LONDON, Jan. 29 (Xinhua) -- The whole world economy is very mixed still with a lot of storm, but Chinese economy has pretty sunny outlook comparing with other countries, said PricewaterhouseCoopers UK (PwC) Chief Economist John Hawksworth in an interview with Xinhua.
Hawksworth, an economist specializing in global macroeconomics and public policy issues, used a weather chart to describe the world economic outlook for 2013, saying "the whole world is very mix, still has a lot of storm, and sunshine may creep out in the U.S., and a little bit of sunshine close to Australia and Brazil. "
2013 will be the first time since reliable records began when the emerging and developing economies will be bigger than the advanced economies.
Hawksworth predicted that China, the second biggest economy in the world, would achieve 7.8 percent economic growth in 2013, quite similar to last year. In longer term, China's growth is estimated at around 7 to 8 percent for the rest of the decade.
"Certainly China has great contribution to the world economy," and it is estimated to contribute almost a quarter to world growth in 2013, he said.
At the same time, he noticed China's important influence on multi markets such as equity and commodity markets, particularly on the prices which are very sensitive to the Chinese demand.
"If the Chinese economy picks up, all prices are pushed up, such as metal commodities and other materials. China is increasingly critical to the world economy.
As chief economist of PwC in Britain, Hawksworth was not optimistic as that about China. He said Britain is "pretty cloudy", but its prospects is expected to make gradual improvement in one or two years while a little bit sunshine might pick out behind cloud.
He pointed out despite recent more encouraging signs, Britain's economy remained relatively fragile and businesses must remain agile, review their strategy to adapt to a slow growth environment in the country, and respond to evolving global economic conditions.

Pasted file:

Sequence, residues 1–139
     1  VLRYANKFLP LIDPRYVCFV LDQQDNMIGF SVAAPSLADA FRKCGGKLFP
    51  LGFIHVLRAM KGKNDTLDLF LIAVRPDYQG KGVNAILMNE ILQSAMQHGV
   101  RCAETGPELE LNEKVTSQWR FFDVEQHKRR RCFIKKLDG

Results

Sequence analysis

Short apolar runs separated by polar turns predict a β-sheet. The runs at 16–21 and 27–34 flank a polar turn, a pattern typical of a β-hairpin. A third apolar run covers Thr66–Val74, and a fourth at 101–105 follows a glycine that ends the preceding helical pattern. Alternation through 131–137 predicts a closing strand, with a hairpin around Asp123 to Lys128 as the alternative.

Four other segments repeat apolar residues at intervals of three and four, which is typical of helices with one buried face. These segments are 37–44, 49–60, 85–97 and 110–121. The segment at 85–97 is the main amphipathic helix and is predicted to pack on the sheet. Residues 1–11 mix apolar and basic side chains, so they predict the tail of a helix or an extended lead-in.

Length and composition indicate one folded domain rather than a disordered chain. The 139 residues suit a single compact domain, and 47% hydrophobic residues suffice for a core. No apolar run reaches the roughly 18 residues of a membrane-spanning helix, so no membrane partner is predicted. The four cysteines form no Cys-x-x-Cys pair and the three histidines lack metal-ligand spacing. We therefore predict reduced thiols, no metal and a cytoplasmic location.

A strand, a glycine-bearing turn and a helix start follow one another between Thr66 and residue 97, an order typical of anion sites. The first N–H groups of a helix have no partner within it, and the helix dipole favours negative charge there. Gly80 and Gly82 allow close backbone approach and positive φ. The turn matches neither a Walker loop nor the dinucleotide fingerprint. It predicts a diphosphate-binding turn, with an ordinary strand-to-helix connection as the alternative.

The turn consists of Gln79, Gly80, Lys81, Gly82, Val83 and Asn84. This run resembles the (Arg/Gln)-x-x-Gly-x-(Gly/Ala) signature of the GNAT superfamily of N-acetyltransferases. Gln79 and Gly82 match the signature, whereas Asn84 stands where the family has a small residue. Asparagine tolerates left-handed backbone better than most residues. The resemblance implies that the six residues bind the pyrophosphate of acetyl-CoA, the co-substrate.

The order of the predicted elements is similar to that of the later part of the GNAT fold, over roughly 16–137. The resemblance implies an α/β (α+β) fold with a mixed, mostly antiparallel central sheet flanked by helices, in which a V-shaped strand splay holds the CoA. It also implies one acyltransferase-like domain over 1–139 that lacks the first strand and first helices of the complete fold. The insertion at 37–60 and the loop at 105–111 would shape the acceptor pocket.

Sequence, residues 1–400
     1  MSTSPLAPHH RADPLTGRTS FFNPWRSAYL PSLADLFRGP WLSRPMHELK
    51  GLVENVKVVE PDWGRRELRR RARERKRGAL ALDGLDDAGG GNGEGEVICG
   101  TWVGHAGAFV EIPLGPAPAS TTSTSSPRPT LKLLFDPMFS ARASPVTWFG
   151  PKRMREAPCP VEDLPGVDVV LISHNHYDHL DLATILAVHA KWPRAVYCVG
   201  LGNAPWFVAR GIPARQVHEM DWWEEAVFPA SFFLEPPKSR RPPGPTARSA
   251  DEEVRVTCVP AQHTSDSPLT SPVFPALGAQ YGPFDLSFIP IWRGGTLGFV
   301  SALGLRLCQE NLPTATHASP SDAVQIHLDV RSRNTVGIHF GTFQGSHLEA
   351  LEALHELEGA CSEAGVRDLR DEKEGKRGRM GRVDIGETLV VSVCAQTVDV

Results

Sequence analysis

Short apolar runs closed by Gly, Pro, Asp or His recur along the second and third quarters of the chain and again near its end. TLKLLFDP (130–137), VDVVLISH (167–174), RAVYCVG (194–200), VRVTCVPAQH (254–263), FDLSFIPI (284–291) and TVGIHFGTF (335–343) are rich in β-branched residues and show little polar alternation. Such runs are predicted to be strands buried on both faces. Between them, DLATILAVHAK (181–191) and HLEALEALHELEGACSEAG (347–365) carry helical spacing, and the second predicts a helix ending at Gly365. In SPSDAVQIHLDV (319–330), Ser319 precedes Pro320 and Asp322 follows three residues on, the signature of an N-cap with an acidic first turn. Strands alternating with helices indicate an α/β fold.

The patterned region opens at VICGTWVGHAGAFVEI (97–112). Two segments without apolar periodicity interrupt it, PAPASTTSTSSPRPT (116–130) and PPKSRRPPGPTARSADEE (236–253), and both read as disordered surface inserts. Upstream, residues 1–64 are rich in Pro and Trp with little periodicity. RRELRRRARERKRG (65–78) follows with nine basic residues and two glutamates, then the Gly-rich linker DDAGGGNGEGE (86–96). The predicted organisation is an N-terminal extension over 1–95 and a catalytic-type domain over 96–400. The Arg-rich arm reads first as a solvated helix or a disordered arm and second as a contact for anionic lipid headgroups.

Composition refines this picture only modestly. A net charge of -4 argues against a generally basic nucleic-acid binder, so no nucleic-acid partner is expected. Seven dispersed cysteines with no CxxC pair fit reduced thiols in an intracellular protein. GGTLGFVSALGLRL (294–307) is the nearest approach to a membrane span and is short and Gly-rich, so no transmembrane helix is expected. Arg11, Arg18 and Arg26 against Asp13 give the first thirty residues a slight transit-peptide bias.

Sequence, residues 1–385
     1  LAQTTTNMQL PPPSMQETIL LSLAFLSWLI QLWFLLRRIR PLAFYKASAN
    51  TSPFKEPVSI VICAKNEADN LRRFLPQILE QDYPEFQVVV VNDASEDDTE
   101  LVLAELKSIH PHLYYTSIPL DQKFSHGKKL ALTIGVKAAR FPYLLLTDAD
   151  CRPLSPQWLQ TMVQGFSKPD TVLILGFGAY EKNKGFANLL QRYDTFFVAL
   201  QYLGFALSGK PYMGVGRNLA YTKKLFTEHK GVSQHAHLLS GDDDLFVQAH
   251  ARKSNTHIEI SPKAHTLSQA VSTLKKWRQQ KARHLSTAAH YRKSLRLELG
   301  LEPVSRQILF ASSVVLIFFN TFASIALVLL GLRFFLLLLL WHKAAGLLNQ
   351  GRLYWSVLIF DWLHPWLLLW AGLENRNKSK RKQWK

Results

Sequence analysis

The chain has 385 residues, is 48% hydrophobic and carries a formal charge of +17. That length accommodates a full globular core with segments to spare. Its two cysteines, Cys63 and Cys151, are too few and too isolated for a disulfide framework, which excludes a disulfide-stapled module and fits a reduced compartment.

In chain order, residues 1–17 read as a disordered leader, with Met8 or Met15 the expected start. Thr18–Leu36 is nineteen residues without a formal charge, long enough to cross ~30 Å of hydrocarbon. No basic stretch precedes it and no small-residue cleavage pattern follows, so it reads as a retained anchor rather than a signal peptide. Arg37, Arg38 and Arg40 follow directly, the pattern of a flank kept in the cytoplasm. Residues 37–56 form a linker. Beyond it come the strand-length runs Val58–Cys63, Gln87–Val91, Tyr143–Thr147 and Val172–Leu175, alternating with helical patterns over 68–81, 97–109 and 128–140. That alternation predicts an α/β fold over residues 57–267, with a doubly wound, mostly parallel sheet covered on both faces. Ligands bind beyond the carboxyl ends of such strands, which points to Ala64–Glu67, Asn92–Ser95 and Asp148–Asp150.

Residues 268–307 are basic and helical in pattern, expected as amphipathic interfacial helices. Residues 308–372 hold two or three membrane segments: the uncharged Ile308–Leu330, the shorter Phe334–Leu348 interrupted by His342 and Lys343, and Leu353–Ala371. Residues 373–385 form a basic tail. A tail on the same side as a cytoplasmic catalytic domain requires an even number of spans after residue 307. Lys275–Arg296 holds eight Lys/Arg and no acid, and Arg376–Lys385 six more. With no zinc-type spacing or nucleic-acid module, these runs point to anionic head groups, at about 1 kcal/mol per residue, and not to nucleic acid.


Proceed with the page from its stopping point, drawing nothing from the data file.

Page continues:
"Lower inflation should ease the squeeze on households, but consumer spending growth will take time to recover, particularly as food and energy prices are now rising again.
"The share of UK exports going to the BRICs has the potential to double to around 16 percent by 2030. "
But to achieve this British companies need to up their game relative to U.S., German and French rivals who have so far done better in exporting to countries like China and India, he noted.
"China is a huge market with more than a billion people and it is likely to become increasing richer market as you get growing middle class people with rising wages and rising spending," Hawksworth said.
He said China is attractive to British retailers to open shops there. Speaking of Britain's comparative advantages, Hawksworth listed several areas Britain and China have great potentials to explore, including education, health care, Chinese traditional medicine, technologies and air space.
"Britain has a number of attraction to China. It's also a big market itself and also a good gateway to Europe, " he said.
"If you invest in Britain that could allow you to export to the rest of Europe," he said.
Hawksworth has carried out economic consultancy assignments for a wide range of public and private sector organizations both in Britain and overseas over the past 20 years. Clients include several British government departments, the World Bank, the European Commission, government ministries in Turkey and Ukraine.